Why Liquor License Laws Aren’t the Only Things That Need To Change
City officials would like to see communication efforts between event organizers and the police improve as well.
City officials in charge of making sure that bars and restaurants are complying with the state liquor laws are likely scoping out websites where organizers advertise their get-togethers and invite attendees to sign up.Â Then, on the night of the gatherings, police assigned to the licensing division swoop in and issue citations for various premise violations.
âI am knowledgeable that the police look at Facebook and Eventbrite as part of the monitoring they have [in place],â said City Councilor Tito Jackson. âIf they have information prior to an event, we should either be picking up the phone, visiting the bar, or having a conversation and reminding people of the laws or rules and regulations, rather than show up the night of the event and shut it down.â
While it hasnât yet been confirmed, this may have been the case for a recent Boston tech party held this past Friday at the Revere Hotel, for start-up companies looking to mingle with people in other offices. The Stuart Street establishment was issued a citation by officers assigned to the Licensing Division for allegedly violating the open bar laws in Massachusetts, according to a hotel spokesman.
The Revere Hotel was host to this yearâs âBoston Holiday Tech Co-Party,â at Space 57, which is organized by local startup company Promoboxx. The party is meant to bring together people in the tech community that work in offices with a limited number of employees, so they can share the same holiday experiences as larger businesses in Boston, and celebrate accordingly.
Tickets were being sold on EventBrite for $30 to $50, giving attendees access to an open barâwhich is what set off an alarm for police.
âFrom what Boston Police said to us the night of the event, they watch EventBrite, where we sold the tickets, and they look for âOpen Bar,â which is their concern,â said Ben Carcio, CEO of PromoBoxx âThey view it as unlimited drinking for a ticketed price.â
In Massachusetts, itâs illegal to have a public open bar event. According to the Liquor Control Act, commonly referred to as the âHappy Hourâ law, set by the stateâs Alcoholic Beverages Control Commission, âoffering or delivering any free drinks to any person or group of personsâ is prohibited.
The rules also state that âselling, offering to sell, or delivering to any person an unlimited number of drinks during any set period of time for a fixed price, except at private functions not open to the publicâ is not allowed. âFurthermore, no licensee shall advertise or promote in any way, whether within or without the licensed premises, any of the practices prohibited under [the law],â according to the ABCC.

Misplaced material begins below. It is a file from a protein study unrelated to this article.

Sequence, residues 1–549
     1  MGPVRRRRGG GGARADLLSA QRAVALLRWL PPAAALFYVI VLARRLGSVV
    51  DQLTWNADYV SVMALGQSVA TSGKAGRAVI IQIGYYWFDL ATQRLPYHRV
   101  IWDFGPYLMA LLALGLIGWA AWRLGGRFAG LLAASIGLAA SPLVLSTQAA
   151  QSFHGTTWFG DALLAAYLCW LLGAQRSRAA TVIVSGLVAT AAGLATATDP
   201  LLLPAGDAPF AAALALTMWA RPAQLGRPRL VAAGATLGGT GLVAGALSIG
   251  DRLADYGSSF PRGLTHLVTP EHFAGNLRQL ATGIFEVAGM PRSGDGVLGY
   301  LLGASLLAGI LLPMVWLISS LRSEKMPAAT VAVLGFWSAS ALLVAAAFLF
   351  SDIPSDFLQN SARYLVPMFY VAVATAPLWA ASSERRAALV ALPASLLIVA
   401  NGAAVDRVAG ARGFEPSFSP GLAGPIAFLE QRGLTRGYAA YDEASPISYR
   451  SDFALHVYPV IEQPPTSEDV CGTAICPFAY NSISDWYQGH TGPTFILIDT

Unfortunately for Carcio, who has been holding the Tech Co-Party for the last three years, he didnât know this. He said he wished the cityâif they knew about the open barâhad given them a âheads upâ before they held the event, which donated a portion of proceeds to charity, to avoid embarrassment.
âIf they were planning this, they could have just let us know [open bar was not allowed],â he said. âThat one little thing would have prevented any of this being more than it needed to be.Â If the ABCC and the police department want to help the community and prevent embarrassment, they could have reached out. But they waited for it and made it awkward for everyone.â
Boston has requested a copy of the report from the night of the party, but is awaiting a reply from the Police Department. Officials from the Licensing Board, who hear cases following violations, did not return several requests for comment. A hearing for this particular violation has not been scheduled because the report has not been filed with the board.
Jackson, who was not aware of the specifics of the Tech Co-Party, has been a staunch advocate of supporting and harboring the start-up community. Like Carcio, he would like to see some sort of communication happen between local law enforcement and event organizers, prior to party busts, so that everyone can better understand what the rules are.
âIt sounds like this group could have easily switched and had drink tickets insteadÂ of an open bar situation, had they known. They donât seem like scofflaw folks. If there was a prior indication this was a problem, there should have been some outreach,â said Jackson. âThe proactive approach, I think, is better than a punitive approach. I think if this information is there, then it would be better to have a conversation with event organizers and the [venues], just as a reminder of the regulations.â
Jackson said he has had friends, unaware of the laws, who have hosted parties that were shut down by police because they were publicly posted on Facebook. He said the fact that police are monitoring Facebook and EventBrite isnât the issueâsince they are public invitesâbut the fact that police could easily pick up the phone and let someone know they may be in violation, but donât, is worrisome.
âThe underlying issue here isnât the monitoring aspect, itâs what police do with the information once they have it,â Jackson said. âThese are people who have a vested interest in following the rules because they have a liquor license. And I look at it as, how do we do the right thing by these organizations, as well as by these businesses, that give great deal of revenue to the city?â
Although Carcioâs party didnât get shut down in the end, and the police were understanding once they âsaw how it was being run,â to show there were no hard feelings, they donated $500 of the proceeds to the Boston Police Charitable Foundation.
âEverything at that point turned out fine,â Carcio said. âBesides, itâs not a great party until the police show up.â
Source URL: http://www.bostonmagazine.com/news/blog/2013/12/17/liquor-license-laws-arent-things-need-change/